Repairing the screen of a Contura 420C

In this blog post, we are going to repair the screen of a laptop that was released in October 1995. It came with a 486 DX4, 4MB of RAM, a 350MB hard disk and a STN 8-bit color screen.

This Contura 420C has been poorly preserved. The plastic has become brittle and the screen suffers from Vinegar Syndrome. When we look at the surface, we see a band in the middle of the screen with bump that doesn’t seem to be a problem. But when we turn the computer on, we see that the screen has become unusable.

In the description of this video, we left a review of this laptop of which you have a link. This time, we are going to try to fix the screen of this 486 to give it a new life.

Vinegar Syndrome is not that unusual in old LCD screens. From the Wikipedia, this Syndrome arises when the celluloid film decomposes. This happens when the film is stored at a high temperature. The name comes from the characteristic odor given off by such decomposition.

Layer of a STN screen

STN screens are made by 6 layers. We are going to focus on the two outer layers: the polarizing filter and the glass substrate. Our goal is to replace the polarizing film which has decomposed. During this process, we must be very careful to avoid damaging the glass substrate.

Removing the LCD panel from the frame

The process has been relatively easy but tedious. First, we’ve removed the LCD panel from the frame. Once it’s out, we’ve made an indentation with a cutter. Using that indentation, we’ve used a razor like the one used to clean the kitchen stove to remove the polarized film. At this moment, the screen has given off a vinegar odor.

Removing the decomposed film

By trial and error, I came to the conclusion that the process is divided in three steps. First, we have to remove the old film. Then, we have to scrape with the blade the adhesive until we get a thin layer. Finally, we clean the remaining adhesive with acetone. We could rotate between steps 2 and 3.

The problem here is that we have to apply a substantial pressure to remove the adhesive so we have to take care not to scratch nor break the glass.

Removing the adhesive

Because of the evaporation of the acetone and the gas coming from the decomposed film, we should air the room. Furthermore, we’ve used a mask due to the small adhesive particles production.

The screen has been cleaned with alcohol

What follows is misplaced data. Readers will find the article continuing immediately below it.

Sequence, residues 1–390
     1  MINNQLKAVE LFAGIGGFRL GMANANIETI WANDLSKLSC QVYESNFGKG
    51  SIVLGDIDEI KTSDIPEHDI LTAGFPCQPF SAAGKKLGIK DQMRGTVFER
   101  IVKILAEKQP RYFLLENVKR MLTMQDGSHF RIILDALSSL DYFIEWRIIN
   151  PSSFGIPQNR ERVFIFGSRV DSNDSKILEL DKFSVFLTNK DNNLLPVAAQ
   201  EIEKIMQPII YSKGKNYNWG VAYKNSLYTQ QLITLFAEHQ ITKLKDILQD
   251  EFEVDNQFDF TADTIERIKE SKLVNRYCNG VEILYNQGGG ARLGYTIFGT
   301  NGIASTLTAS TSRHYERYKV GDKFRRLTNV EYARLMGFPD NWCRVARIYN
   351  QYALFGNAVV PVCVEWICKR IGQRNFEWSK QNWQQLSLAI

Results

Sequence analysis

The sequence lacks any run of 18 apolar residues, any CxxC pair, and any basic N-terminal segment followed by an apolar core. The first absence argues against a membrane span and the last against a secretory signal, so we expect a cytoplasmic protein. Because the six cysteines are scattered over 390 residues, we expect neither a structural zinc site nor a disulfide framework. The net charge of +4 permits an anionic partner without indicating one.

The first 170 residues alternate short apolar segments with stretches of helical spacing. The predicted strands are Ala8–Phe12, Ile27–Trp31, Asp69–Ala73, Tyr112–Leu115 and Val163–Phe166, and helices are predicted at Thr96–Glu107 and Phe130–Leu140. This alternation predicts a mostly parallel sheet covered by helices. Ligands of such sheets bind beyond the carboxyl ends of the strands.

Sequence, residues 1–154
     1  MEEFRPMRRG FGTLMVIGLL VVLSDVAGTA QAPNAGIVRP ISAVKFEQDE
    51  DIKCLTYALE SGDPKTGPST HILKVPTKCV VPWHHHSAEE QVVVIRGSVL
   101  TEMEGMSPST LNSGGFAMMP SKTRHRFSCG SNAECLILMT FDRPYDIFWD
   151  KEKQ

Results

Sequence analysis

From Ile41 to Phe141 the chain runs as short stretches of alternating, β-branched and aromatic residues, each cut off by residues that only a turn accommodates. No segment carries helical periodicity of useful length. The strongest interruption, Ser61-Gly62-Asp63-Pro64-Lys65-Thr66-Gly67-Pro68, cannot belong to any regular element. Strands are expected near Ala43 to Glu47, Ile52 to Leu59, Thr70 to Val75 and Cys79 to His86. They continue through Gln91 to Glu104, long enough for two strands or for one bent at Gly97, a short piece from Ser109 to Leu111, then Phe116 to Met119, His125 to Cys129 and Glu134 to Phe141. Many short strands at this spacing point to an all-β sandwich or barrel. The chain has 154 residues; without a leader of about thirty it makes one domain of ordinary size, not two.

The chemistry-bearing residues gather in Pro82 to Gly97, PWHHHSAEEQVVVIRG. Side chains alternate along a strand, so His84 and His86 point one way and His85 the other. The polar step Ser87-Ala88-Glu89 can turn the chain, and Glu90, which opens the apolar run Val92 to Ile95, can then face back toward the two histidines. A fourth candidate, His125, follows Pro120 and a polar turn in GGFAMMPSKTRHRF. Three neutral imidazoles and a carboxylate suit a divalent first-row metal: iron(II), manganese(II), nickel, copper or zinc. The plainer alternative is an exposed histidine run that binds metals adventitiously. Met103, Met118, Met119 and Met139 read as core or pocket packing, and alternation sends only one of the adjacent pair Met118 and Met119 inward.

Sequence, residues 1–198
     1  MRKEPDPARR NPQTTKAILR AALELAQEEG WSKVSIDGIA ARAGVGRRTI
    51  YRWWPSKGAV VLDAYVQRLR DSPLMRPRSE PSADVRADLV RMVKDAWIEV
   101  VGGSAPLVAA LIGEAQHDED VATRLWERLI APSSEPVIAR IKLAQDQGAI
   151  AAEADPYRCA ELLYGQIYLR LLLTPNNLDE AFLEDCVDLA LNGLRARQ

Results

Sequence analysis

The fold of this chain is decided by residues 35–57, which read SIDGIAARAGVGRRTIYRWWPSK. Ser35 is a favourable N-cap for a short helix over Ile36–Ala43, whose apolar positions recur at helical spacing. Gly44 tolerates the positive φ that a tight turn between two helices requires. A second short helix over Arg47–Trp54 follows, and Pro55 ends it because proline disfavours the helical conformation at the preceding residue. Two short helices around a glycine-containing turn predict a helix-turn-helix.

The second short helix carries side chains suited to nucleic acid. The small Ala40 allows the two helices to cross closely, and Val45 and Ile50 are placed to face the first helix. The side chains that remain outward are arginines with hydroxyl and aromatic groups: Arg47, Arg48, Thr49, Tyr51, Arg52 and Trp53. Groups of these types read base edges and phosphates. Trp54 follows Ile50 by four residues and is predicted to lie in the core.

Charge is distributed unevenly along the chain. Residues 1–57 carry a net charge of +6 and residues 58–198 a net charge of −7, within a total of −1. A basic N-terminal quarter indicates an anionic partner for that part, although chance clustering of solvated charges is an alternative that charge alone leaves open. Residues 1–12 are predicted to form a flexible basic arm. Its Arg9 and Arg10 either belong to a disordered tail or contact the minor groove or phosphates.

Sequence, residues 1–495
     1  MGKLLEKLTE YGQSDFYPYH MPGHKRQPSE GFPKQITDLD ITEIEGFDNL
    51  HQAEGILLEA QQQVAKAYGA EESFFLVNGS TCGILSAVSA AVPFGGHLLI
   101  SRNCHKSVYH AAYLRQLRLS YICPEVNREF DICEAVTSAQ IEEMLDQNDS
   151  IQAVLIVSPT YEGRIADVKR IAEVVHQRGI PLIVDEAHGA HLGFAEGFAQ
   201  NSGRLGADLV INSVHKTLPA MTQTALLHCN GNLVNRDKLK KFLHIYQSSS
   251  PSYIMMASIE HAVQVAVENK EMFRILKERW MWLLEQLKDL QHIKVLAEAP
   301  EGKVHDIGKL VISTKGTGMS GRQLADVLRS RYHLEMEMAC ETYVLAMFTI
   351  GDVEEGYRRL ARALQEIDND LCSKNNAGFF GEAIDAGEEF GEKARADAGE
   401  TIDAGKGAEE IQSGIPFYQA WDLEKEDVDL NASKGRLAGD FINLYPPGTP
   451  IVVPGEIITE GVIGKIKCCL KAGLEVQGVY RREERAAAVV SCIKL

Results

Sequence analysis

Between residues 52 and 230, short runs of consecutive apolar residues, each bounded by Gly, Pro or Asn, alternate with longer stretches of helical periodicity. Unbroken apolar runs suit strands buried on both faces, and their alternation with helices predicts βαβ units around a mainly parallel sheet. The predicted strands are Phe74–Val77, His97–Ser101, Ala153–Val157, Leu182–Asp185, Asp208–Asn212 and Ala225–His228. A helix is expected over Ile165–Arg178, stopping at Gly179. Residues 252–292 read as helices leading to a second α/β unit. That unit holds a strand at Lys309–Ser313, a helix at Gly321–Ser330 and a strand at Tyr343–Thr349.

Once we’ve removed the adhesive, we’ve cleaned the surface with ethyl alcohol. To check that the screen still works, I’ve installed it into the frame. Out of curiosity, we can see that the screen is completely white. By using polarized lens from sunglasses we can see the information hidden behind that white light.

Polarized lens from sunglases

We have multiple choices for the polarizing filter. I’ve chosen a 30×30 cm autoadhesive film that comes from Germany although there are cheaper alternatives coming from China. A smaller film would have been enough but since I don’t know the polarizing angle of the screen, I bought a big filter that fits in any orientation.

Inverted image

I have no information about the polarizing plane of this screen so I’m going to rotate the film until I get a good image. Usually we’ll find planes of 0, 45 or 90º. In this case, I get a sharp inverted image.

25º rotation

Rotating the filter 90º, I would expect to get the desired image. Instead, the image has bad contrast and I was unable to improve it even after moving the contrast control. I get better results at 25º, so I will install the film using that angle.

Cutting the new film

Now we are going to measure and cut the film. To measure it, I rotate it 25º and thanks to the fact that it is transparent, it is possible to draw a point per corner. From those points, I cut it with the help of a ruler.

The final step is to stick the filter on the glass substrate. It is a pretty delicate step since we have to make sure there aren’t any air bubbles between the filter and the glass. The film was placed on the screen and I removed the back protecting layer very slowly while applying pressure on the contact surface.

“New” screen with the Windows 95 boot logo

The result is far from being perfect. On the one hand, I was unable to keep the air out of the filter so some air bubbles have remained inside. On the other hand, the image has a reddish hue. I don’t know why this happened. Maybe I broke something during the scraping process.

Nevertheless, it is usable again.

Solitaire match

To conclude, we are going to re-use for the first time this screen by playing a classic.

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